However, maybe I don’t want to have to give my all to playing the violin in tune.  In that case, I might ask that the covenant read “I will make reasonable efforts to play the violin in tune,” which doesn’t require as much effort be expended as best efforts.  “Reasonable efforts” still would require that I keep my violin in good shape, practice every day, and possibly, take lessons and purchase some equipment, but it would not require that I give up my job and family life and go bankrupt in order to play the violin in tune.

“Commercially reasonable efforts” is a newer term.  If I say, “I will use commercially reasonable efforts to play the violin in tune,” then most attorneys would say that adds an element of economic reasonableness and business practices given the circumstances into the mix.  Therefore, if, for instance, the typical violinist practiced two hours a day and had one lesson per week and used only an iPhone app as a tuner, rather than a fancy standalone one, I should be considered to be complying with my covenant to use “commercially reasonable efforts” if I do what the typical violinist would do.

So, just as a D-flat and a C-sharp aren’t the same note on a violin, “best efforts,” “reasonable efforts,” “commercially reasonable efforts,” and silence as to efforts don’t mean the same thing in contract covenants.  Just as violinists must adjust their tuning to the circumstances, contracting parties should the level of effort required to comply with covenants be adjusted in contracts to the circumstances involved.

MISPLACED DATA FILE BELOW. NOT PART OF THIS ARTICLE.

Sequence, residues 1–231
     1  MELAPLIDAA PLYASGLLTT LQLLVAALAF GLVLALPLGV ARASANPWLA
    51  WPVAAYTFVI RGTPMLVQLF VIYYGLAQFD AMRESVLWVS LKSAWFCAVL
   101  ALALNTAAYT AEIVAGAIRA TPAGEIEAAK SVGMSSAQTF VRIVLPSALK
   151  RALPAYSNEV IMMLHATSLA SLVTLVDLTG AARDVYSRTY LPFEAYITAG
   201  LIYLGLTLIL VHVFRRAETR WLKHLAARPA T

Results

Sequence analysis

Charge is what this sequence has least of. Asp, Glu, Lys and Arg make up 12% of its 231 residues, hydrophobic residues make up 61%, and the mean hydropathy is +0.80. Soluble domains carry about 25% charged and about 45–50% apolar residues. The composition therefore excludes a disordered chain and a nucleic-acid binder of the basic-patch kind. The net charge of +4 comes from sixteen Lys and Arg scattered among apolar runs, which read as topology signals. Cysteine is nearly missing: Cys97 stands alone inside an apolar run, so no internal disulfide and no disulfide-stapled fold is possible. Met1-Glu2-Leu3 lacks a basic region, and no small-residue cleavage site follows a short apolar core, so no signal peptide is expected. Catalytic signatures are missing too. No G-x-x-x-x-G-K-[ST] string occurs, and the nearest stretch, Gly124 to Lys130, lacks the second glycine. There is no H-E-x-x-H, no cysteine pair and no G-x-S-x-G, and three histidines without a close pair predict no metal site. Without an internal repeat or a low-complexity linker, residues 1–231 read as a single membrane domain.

[1]   Originally, violin strings were made of sheep gut, and violins also were tuned to a lower (flatter) A than they currently are. As tuning changed and increased tension were placed on the strings and technical demands on violinists increased, violinists started wrapping the gut strings in metal.  Eventually, the smallest string, the e string, (which has to be quite thin to produce the required pitch and therefore, tended to break when it was made of sheep gut), transitioned to an all-metal e-string.  Although there were experiments with all metal and metal core strings, metal-wrapped gut strings remained the gold standard until the 1990’s when synthetic core strings were accepted as producing a sound comparable to gut strings with more reliability. As an early adopter of technological advancements, I am proud to say that I started using synthetic core strings in the early 1980’s.

[2]  Violin tuning is based upon acoustical physics, such that the length of the string is changed so that it produces certain wave lengths when played. In untempered tuning, a C in the key of C major might not be the same as a C in the key of D-flat major. This untempered tuning, proved to be a challenge for keyboard players, because they had to retune their entire instruments in order to play in different keys. Therefore, in the 18th century, tempered tuning, where the sizes of intervals between notes is modified slightly so that it sounds close to in tune in every key was adopted for keyboard instruments.  The method, famously taken advantage of by Johann Sebastian Bach’s Well-Tempered Clavier, now is commonly used by violinists when playing with keyboard instruments.  However, an advanced violinist still will use untempered tuning when playing unaccompanied pieces or when playing chamber music with other string players.

For more information, please contact Elizabeth A. Whitman at (301) 664-7710 or

© 2017 by Elizabeth A. Whitman